I first saw this film as a teenager on a black and white TV late at night. I didn't know much about the film except that it was a horror film of sorts. I soon found that it was so much more. As the film progressed it got very late, but I knew I couldn't go to bed until it was over. It left me speechless. The direction, the acting, the music, and especially the feeling of escalating dread - what would happen at the end? The ending not only surprised me, but actually made me gasp in shock.
A couple, bereaved after their daughter's death, stay awhile in wintry Venice. Two elderly sisters claim to be in contact with the dead girl, but are they telling the truth, or are they con artists? Add to this a series of strange events and a murderer terrorising the city...
This could have been (and indeed sounds like) a cheap horror flick. The reason "Don't Look Now" is a classic (an overused word, but true in this case) is that we care about the Baxters. Sutherland and Christie are thoroughly believable, especially when they have lines about the occult that could easily be corny. The same is true of Roeg's direction - instead of cheese we get a real sensation of doom. Rather than picture-postcard Venice we have rats, crumbling buildings and a bleakly-coloured maze full of confusion.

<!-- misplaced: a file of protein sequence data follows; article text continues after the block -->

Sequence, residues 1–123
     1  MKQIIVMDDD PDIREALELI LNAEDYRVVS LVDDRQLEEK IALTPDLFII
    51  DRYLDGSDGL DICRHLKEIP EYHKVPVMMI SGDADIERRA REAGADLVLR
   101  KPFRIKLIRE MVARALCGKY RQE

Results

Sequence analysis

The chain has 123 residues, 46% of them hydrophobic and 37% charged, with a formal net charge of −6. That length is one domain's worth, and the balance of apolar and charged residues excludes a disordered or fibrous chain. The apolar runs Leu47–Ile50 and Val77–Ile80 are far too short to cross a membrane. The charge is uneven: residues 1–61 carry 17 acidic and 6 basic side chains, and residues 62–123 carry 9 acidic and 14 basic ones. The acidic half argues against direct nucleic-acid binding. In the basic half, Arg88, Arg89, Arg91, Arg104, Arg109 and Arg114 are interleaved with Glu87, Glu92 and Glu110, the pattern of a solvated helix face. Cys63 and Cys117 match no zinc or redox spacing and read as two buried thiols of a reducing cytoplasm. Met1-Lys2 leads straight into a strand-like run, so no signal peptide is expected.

We are also left wondering about the supporting cast (even at the end we are not sure of everyone's good character). The two dotty old sisters. The shifty priest. The hotel manager. Even the police detective seems a little suspicious. Visual motifs recur - a child's ball, the red of the dead girl's coat - are they hints from the dead girl to her parents?
Of course the film is famous for its sex scene, and it is justly celebrated. A scene of love-making is inter-cut with shots of the couple dressing for dinner. This is one of the few cases in film where the scene is necessary to the story - the couple have become distant but the meeting with the two sisters may actually have brought them back together. It is also (if this is the right word) tastefully done - a very human scene depicting true love and not just sex.
"Don't Look Now" is a wonderful puzzle - eerie, tragic, human and until the last scenes, maddeningly hard to solve. When all is revealed, you want to go back and start again.
One last point: this is based on a short story by the great Daphne duMaurier. After she saw the film, she sent the director a letter saying how the couple in his film reminded her of a sad couple she once saw in a hotel and imagined why they were so unhappy - the real-life couple who inspired her original story. I think this shows how Roeg has given the film a real believability and humanity.